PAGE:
While sitting in front of my computer at 9:00 PM in my completely silent office, I was scared half out of my wits by my Sidekick’s email alert. It’s even worse when I have it sitting out and it not only chimes, but also vibrates against my desktop like some old door buzzer. Of course there are other times — in loud, crowded restaurants, or outside among the din of the city — when I can’t hear my phone ring at all, and since I keep it in a dorky leather holster attached to my belt instead of in my pocket (who wants to risk cancer down there?), I often can’t feel it vibrate, either.
So I started wondering why mobile phone ringers aren’t smarter. Just like my PowerBook will dim my screen based on a sampling of ambient light, why can’t a phone sample ambient noise in order to decide how it should alert you? If you’re sitting in your office and it’s dead quite, a soft, pleasant chime should do the trick, but if you’re having a drink in a loud bar or walking down a busy street, it should blare and vibrate.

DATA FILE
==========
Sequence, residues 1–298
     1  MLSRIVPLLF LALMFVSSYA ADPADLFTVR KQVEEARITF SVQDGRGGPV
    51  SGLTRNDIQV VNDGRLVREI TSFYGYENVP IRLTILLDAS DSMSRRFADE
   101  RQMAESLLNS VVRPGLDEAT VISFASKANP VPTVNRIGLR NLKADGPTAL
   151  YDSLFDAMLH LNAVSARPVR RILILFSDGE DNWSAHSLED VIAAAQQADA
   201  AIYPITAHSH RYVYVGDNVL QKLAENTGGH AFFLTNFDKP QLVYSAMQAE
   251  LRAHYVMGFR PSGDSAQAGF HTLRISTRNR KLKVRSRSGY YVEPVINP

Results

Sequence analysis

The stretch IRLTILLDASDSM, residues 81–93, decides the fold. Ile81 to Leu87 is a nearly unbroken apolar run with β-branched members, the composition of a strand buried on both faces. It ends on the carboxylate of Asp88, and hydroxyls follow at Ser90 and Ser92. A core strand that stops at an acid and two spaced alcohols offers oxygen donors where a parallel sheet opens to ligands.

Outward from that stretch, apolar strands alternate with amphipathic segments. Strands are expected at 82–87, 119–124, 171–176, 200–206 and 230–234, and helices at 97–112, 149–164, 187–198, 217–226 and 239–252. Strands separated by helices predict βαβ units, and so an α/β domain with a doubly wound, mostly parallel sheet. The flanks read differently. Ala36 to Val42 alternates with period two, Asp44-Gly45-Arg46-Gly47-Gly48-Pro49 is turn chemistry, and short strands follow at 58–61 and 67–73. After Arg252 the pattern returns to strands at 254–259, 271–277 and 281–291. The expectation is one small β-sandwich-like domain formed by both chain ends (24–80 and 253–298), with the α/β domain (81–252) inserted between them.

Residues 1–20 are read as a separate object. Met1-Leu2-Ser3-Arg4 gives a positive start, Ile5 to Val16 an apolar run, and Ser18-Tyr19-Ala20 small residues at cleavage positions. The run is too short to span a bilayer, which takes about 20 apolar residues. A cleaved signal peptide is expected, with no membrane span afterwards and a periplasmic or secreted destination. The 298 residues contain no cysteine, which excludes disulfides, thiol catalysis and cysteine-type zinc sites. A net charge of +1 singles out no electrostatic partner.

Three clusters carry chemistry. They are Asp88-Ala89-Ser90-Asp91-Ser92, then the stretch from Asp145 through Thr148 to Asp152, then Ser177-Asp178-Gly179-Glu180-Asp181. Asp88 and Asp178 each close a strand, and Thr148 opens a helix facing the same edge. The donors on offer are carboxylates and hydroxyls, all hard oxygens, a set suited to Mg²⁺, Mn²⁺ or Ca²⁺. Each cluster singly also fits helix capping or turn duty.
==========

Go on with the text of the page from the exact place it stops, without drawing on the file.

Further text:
I know some phones have the ability to gradually increase the volume of the ringer the longer a call goes unanswered which is a nice low-tech solution, however I’ve found that if you’re in a noisy environment, by the time you realize your phone is ringing, you’re not likely to be able to recover it from wherever you have it stashed before the caller is forward to voicemail (and you already know how I feel about voicemail).
Another low-tech solution I’ve noticed is keeping your phone out in front of you on the bar. Of course, problems with that approach include: spilling beer on it, other people spilling beer on it, and getting drunk and leaving it behind. Besides, why throw a low-tech solution at a problem when it’s so much fun to over-engineer one.